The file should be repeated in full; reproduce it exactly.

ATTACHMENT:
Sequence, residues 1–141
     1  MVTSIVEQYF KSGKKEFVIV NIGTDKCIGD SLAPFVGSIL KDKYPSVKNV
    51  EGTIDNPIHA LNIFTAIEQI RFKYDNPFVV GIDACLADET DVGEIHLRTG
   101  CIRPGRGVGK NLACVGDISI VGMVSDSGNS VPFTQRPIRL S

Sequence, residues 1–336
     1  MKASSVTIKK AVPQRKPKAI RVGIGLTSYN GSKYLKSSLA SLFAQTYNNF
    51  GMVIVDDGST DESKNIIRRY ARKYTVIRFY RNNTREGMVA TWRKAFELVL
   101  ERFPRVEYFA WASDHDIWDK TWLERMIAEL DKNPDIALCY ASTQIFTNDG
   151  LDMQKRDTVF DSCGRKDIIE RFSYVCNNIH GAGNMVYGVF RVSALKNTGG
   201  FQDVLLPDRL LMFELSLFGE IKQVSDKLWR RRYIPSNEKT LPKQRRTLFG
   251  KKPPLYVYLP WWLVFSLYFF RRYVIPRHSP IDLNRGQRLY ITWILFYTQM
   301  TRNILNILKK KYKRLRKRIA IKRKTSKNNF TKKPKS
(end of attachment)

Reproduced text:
Sequence, residues 1–141
     1  MVTSIVEQYF KSGKKEFVIV NIGTDKCIGD SLAPFVGSIL KDKYPSVKNV
    51  EGTIDNPIHA LNIFTAIEQI RFKYDNPFVV GIDACLADET DVGEIHLRTG
   101  CIRPGRGVGK NLACVGDISI VGMVSDSGNS VPFTQRPIRL S

Sequence, residues 1–336
     1  MKASSVTIKK AVPQRKPKAI RVGIGLTSYN GSKYLKSSLA SLFAQTYNNF
    51  GMVIVDDGST DESKNIIRRY ARKYTVIRFY RNNTREGMVA TWRKAFELVL
   101  ERFPRVEYFA WASDHDIWDK TWLERMIAEL DKNPDIALCY ASTQIFTNDG
   151  LDMQKRDTVF DSCGRKDIIE RFSYVCNNIH GAGNMVYGVF RVSALKNTGG
   201  FQDVLLPDRL LMFELSLFGE IKQVSDKLWR RRYIPSNEKT LPKQRRTLFG
   251  KKPPLYVYLP WWLVFSLYFF RRYVIPRHSP IDLNRGQRLY ITWILFYTQM
   301  TRNILNILKK KYKRLRKRIA IKRKTSKNNF TKKPKS